Brief: Online editorial for GQ Australia and Japan with Ferrari and Armani
Background: What was your brief, basic shot list and your initial instincts on how to approach it?
Top male model and racing driver Jarrod Scott had been asked to sit front row at the Armani show during Milan Fashion week and as an aside to this, I was asked to join him in Northern Italy where we'd shoot an editorial with Armani fashion in the lead-up.
Jarrod had an existing relationship with Ferrari so it had been organised that we were to pick up the brand new Ferrari 488 Pista Spider from Ferrari HQ in Maranello and drive it back to Milan where we'd spend the next few days creating an editorial for GQ Japan and Australia.
My initial approach to anything is to shoot slow and considered on film but that is almost never possible and especially for a job like this which is why having the EOS R was perfect.
These brands are so iconic Italian! What was behind the decision to work with an Australian/international photographer in promoting them?
We can all thank Jarrod's brilliant publicist, Kirrilly Sams for connecting both Jarrod and myself to these brands.
What features made the EOS R system appealing for this shoot?
I knew as I’d be working by myself that I needed something fast, dynamic and high quality to turn the shoot around quickly. It needed to go to the client just a day after the show.
My kit was full of film and film cameras for another portion of the trip so I was looking for a system and lens that could do everything I needed in a compact space. I just took the 28-70mm RF and the camera body with me which were brilliant. I never felt I needed anything else.
What was in your kit for this shoot and why did you select your kit items?
The actual GQ job was only for the first week of the trip, after that, I had decided to hire a car and drive to the Riviera stopping wherever took my interest to collect images for a personal project (maybe at SUNSTUDIOS once I finish it later this year!). For that I had a bag full of my Leica and Pentax film gear leaving only little room for the digital portion of my trip.
It was funny carrying a kit representing the far ends of the spectrum of camera technology - the EOS R being the most contemporary version of what a camera could be in my eyes.
Describe the experience of the shoot.
Some anecdotes about driving around in the Ferrari 488 Pista Spider...
Ferrari HQ in Maranello was funny in an undeniably Italian way.
We were initially shown a presentation on the car as we arrived. The car itself was described as an ‘ultra car’ - apparently above a super car.
This means about $800,000 dollars worth of Ferrari! For all the insane technology and science in this facility to design the best cars in the world the two engineers couldn’t work out how to use their computer or the IT stuff in the board room so we sat for there about 20 minutes as they put cables in different ports and restarted things.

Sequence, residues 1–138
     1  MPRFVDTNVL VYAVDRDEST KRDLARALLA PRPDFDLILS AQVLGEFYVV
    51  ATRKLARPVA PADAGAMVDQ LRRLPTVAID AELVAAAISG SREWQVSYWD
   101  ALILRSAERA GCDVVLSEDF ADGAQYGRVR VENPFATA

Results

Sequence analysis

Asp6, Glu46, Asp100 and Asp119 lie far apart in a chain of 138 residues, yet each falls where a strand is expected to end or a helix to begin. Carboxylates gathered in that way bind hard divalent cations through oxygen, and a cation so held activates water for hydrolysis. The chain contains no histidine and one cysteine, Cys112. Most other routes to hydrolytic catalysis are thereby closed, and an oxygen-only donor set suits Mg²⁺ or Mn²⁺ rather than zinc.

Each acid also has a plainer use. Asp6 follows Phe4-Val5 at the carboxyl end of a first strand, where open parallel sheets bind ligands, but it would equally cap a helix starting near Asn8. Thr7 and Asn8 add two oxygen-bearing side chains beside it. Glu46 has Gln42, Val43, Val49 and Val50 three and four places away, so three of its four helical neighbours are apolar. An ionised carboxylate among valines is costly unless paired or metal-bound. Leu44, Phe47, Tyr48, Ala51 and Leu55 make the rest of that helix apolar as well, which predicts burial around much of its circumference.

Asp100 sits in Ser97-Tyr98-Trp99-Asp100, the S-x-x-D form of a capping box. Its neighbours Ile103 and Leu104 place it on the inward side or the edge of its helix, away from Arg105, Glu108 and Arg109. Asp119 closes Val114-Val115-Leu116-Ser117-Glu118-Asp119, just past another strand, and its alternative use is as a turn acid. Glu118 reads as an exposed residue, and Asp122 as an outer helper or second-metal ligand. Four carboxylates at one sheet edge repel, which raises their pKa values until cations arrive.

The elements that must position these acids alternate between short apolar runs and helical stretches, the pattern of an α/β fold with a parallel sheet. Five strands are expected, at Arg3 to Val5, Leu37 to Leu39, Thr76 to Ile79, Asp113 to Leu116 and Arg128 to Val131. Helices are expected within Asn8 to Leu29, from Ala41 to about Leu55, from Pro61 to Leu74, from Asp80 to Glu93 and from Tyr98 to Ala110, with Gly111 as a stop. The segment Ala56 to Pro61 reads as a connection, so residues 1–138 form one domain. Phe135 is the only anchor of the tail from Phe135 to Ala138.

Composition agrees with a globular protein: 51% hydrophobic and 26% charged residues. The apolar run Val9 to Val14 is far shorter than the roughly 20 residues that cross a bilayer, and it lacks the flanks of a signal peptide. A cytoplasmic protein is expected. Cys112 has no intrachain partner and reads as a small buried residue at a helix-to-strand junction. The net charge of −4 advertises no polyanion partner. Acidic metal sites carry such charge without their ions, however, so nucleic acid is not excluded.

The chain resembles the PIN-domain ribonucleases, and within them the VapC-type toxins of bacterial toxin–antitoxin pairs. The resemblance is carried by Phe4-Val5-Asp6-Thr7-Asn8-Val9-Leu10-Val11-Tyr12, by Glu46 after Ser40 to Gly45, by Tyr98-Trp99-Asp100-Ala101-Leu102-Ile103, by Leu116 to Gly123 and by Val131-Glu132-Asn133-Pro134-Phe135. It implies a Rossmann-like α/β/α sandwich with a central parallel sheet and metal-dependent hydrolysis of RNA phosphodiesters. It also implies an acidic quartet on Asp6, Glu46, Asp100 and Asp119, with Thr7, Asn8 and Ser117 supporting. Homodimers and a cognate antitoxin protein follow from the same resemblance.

Eventually, they gestured frustrations at the computer exclaiming it must have been made by Lamborghini. After this, we got a tour of the assembly line and other things by a man named Dario who jumped on a Ferrari branded push bike and led the way while we trailed in the car which does 0-100 in 1.75 seconds.
Driving around Milan was hilarious as there is this thing where fancy cars are hounded by paparazzi like celebrities are so every time we went anywhere a group of about 10-20 guys with cameras would show up or be there when we came back. Sometimes they'd wait hours to get a shot of us leaving in it. Half a dozen people asked to get photos of me with it thinking I was something important, so I tried to cake on the aussie accent to throw them off. No one expects a 20-something Australian man to get out of a Ferrari saying ‘G'DAY MATES!’ - very satisfying.
We got trailed by the police in Lake Como who grilled Jarrod the driver for about half an hour thinking we’d stolen it. We also lost it in Milan for about an hour when we went to dinner and forgot where it was parked. Jarrod got it up to a bit over 310 on the highway … I genuinely saw my life flash before my eyes.
Have you shot in Italy before? How is it different to working in Australia?
I had actually shot a story for Vogue in this part of Italy the year prior. I love Italy there is never a lack of scenery or people to fill your shots with great things.
The actual experience of shooting: how did the camera perform?
I think the more that technology progresses and filters into cameras the more they begin to feel .. like they have less feeling? Like synthesisers instead of pianos.
This camera is quick and reliable, it's compact and practical and still has great image quality. It does everything you could imagine you'd need and very well but it also feels like one step closer to everyone just shooting on their phones. Sometimes practicality is boring but often if you're shooting professionally it's imperative. Everyone needs a practical camera sometimes.
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